I think it began when I was in college—but it wasn’t until I moved to Bangalore afterwards that the symptoms started to manifest. I was away from home and the people I associated it with. I had to start afresh amidst a new crowd—among those who hadn’t grown up with me and who didn’t know me.
I’ve always been naturally skinny, and it’s something I’ve received disconcerting levels of flak for. This was something that proved to be a hurdle for me when I tried adjusting to a new environment. There were other factors—my profession can be extremely demanding and through habits I carried over from college I began being seen as a workaholic; a label I had trouble identifying with. It didn’t always feel right spending the prime of my life sitting in front of a computer but I had a relentless need to do my absolute best, prove how good I am, and be completely independent. At some point, these different pressures added up. It wasn’t something I realized for years together up until I started to notice how I wanted to sleep all the time, even if I wasn’t feeling tired. I had also begun to be reclusive—this was odd seeing as I had always been a people person.
I was diagnosed with clinical depression. I was dissatisfied with my career and life choices, in a state of constant exhaustion because of the demands of my career and my inability to maintain a healthy sleep-work cycle.
Even though I felt comfortable in my own skin, what others said to me about my body made me feel socially insecure and added to the issues I was already dealing with. People constantly commented on my physique—even the most well-meaning comments hinted that there’s something wrong with me. Despite my confidence in myself every time I was meeting someone new I was wary of what they might say.
Isolating myself from social interaction was easy—I always knew how to keep myself busy. Eventually I stopped going to concerts, writing, learning music or doing anything recreational that I took pleasure in doing. I had daily bouts of crying and would stay in bed whenever I had some free time. My confidence, focus, and memory took a hit. I felt like I had made a wrong turn somewhere and moved away from my original self and let myself down.
In 2013 I started ballet lessons. I have always been a very physical person, one who was forced to sit down and pay attention to academics. The intense physicality ballet demands made me feel right at home. It reminded me of all my natural instincts, things that I naturally chose to indulge in as a child— music, dance, athletics, drama, and the stage. It resonated with me on a very visceral level and I knew then that I could never stop doing this.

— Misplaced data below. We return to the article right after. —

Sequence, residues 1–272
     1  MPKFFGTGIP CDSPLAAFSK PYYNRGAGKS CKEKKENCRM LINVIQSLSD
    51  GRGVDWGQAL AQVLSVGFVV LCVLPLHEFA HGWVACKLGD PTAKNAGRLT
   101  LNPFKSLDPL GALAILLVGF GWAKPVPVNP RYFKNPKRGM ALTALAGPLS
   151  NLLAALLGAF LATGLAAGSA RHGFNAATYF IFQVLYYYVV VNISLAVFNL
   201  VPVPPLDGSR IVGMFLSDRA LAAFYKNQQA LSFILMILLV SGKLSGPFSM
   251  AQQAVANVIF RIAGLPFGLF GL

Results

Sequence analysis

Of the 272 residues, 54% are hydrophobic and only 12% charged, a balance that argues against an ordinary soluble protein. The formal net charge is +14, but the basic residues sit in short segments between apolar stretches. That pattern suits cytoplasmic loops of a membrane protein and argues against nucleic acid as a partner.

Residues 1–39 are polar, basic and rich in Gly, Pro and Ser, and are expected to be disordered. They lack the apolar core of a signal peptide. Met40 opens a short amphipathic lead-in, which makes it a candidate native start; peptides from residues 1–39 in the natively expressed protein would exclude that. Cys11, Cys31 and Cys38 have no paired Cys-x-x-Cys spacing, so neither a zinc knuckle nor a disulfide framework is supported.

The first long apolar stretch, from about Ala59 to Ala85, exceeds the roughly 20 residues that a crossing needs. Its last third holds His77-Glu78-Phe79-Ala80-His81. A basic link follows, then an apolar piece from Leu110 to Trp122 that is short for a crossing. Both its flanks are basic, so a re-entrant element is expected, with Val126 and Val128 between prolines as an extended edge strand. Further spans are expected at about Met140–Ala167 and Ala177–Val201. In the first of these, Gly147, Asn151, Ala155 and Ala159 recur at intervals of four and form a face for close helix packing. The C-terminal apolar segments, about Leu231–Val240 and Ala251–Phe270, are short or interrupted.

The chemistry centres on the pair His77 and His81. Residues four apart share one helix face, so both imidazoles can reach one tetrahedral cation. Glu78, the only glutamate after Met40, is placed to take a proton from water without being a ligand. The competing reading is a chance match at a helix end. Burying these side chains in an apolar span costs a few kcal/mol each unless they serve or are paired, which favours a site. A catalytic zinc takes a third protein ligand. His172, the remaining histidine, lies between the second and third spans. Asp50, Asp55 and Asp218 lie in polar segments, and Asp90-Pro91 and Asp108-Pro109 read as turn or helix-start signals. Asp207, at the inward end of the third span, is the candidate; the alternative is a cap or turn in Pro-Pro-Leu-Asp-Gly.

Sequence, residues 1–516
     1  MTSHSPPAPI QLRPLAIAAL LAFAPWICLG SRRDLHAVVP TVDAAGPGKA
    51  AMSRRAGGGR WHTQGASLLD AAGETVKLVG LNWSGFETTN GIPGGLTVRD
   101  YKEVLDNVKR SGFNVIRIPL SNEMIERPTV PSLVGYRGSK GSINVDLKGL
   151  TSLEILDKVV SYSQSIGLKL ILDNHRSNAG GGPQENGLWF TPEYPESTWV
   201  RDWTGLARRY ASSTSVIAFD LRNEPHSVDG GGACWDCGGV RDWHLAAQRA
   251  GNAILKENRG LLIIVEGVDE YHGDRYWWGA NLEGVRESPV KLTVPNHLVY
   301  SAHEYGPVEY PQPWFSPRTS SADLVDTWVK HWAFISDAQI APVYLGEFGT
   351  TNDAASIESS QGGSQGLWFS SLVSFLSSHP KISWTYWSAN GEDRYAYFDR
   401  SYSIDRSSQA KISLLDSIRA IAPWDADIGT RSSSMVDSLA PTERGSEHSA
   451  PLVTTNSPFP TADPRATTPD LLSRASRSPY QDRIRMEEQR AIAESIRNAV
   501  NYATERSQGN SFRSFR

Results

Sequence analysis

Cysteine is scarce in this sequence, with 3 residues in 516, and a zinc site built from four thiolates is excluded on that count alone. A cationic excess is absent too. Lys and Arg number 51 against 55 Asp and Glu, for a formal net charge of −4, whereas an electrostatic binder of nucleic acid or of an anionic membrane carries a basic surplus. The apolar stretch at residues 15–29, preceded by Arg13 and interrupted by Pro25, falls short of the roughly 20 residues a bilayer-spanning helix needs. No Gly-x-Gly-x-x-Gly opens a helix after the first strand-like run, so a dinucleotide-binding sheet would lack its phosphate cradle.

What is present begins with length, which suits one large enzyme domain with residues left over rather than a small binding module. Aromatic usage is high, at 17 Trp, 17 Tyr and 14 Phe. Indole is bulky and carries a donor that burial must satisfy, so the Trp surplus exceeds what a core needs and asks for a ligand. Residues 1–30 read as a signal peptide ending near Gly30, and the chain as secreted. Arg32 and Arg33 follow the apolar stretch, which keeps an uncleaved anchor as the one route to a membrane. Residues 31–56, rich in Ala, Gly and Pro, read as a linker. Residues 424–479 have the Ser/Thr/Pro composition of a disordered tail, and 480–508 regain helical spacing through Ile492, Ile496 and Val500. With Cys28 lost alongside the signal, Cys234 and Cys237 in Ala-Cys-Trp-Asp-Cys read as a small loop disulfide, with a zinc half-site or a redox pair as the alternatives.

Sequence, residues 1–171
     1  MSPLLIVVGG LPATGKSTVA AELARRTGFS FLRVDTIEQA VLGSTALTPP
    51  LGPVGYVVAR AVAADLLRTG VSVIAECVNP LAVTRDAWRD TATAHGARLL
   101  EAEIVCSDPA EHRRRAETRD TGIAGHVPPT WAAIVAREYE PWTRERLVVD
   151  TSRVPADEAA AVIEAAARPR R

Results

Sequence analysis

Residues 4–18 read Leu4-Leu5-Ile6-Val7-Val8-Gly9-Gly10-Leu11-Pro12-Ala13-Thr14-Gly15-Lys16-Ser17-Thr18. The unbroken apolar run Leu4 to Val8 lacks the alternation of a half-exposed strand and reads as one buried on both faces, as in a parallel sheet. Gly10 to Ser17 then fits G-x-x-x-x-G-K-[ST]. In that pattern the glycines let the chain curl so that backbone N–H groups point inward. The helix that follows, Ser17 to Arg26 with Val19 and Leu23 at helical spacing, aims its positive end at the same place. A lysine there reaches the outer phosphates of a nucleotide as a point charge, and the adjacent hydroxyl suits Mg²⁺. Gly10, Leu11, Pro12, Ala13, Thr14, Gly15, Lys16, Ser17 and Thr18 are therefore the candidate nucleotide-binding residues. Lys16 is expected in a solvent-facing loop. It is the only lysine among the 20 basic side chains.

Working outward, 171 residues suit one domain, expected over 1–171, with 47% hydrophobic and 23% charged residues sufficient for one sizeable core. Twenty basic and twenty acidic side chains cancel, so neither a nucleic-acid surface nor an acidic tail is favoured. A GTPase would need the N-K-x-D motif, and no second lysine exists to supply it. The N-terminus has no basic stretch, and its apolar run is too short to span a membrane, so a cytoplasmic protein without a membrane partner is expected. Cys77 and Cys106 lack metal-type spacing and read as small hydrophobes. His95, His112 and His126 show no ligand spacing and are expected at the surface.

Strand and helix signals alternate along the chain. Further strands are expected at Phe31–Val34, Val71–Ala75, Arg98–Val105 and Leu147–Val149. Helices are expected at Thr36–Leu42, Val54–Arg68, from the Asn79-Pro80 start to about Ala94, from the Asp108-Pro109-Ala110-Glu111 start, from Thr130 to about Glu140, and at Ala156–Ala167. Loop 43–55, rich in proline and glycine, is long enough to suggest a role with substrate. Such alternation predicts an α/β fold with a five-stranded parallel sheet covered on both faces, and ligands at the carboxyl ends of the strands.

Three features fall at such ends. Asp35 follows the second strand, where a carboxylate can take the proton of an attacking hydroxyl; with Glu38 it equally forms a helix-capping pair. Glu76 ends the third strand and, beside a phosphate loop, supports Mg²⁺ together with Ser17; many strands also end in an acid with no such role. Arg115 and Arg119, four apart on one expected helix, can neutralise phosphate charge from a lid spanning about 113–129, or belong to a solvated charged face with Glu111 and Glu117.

With ballet you have to be the strongest you can ever be, it led me to start treating my body better. I was already healthy and strong because of good genetics, not by conscious effort. I had to begin paying attention to better nutrition if I wanted to build on my strength.
I stopped eating a lot of harmful sugar and junk that I would consume just to gain weight; trying to look more ‘normal’ by increasing my weight stopped being a goal. Instead in order to gain strength, discipline, and focus—I started eating better, and stopped smoking and drinking as a social habit.
Inside the studio I felt the least awkward than I did anywhere else. In the ballet community I found representation of a healthy, long, lanky, and skinny body type—for a change I wasn’t being told that I looked wrong.
Ballet demands a lot mentally, a razor sharp focus to think fast on your feet so as to combine quick movements, with the correct posture and technique. It took me a while to build that focus and discipline. I feel like I am the best version of myself when I am dancing. Even when it’s excruciatingly painful I don’t get negative about it. I started wanting my ballerina personality and temperament to be what defines me more than the stressed and frustrated version of myself that I am when dealing with the rest of my adult life.
I always felt that becoming as reclusive as I did was my biggest undoing. While I appeared confident, efficient, and successfully independent the pressure to be completely self-sufficient made it very difficult for me to ask for help without feeling like a burden.
People close to me didn’t realize that I wasn’t okay because I never exhibited symptoms that people associate with depression, like thoughts of suicide or self-harm. All those years it seemed like I was doing a good job of handling my difficult life; in reality I was drowning in isolation.
In my ballet class I started being more social, talking to students and teachers a lot more than I normally would. I began to realize just how much my teacher liked me and cared about me. A lot of my fellow dancers were very encouraging and showed me a lot of support and love. I actually started feeling warm about people again and it felt good.
This journey with ballet definitely helped temper my symptoms, understand how to be proactive about my health, and get professional help for my mental health issues. The crying has reduced by about 80%, and the depressive episodes are no longer an everyday affair. I feel much healthier in every aspect, I dance for a minimum of five days a week and just last year I got my big break on stage. For the first time I was able to start the new year with optimism. It feels good that I’ve been able to come full circle and make up for the wrong decisions I thought I had made.
The writer, who wishes to stay anonymous, is a 31-year-old design professional from Bangalore.
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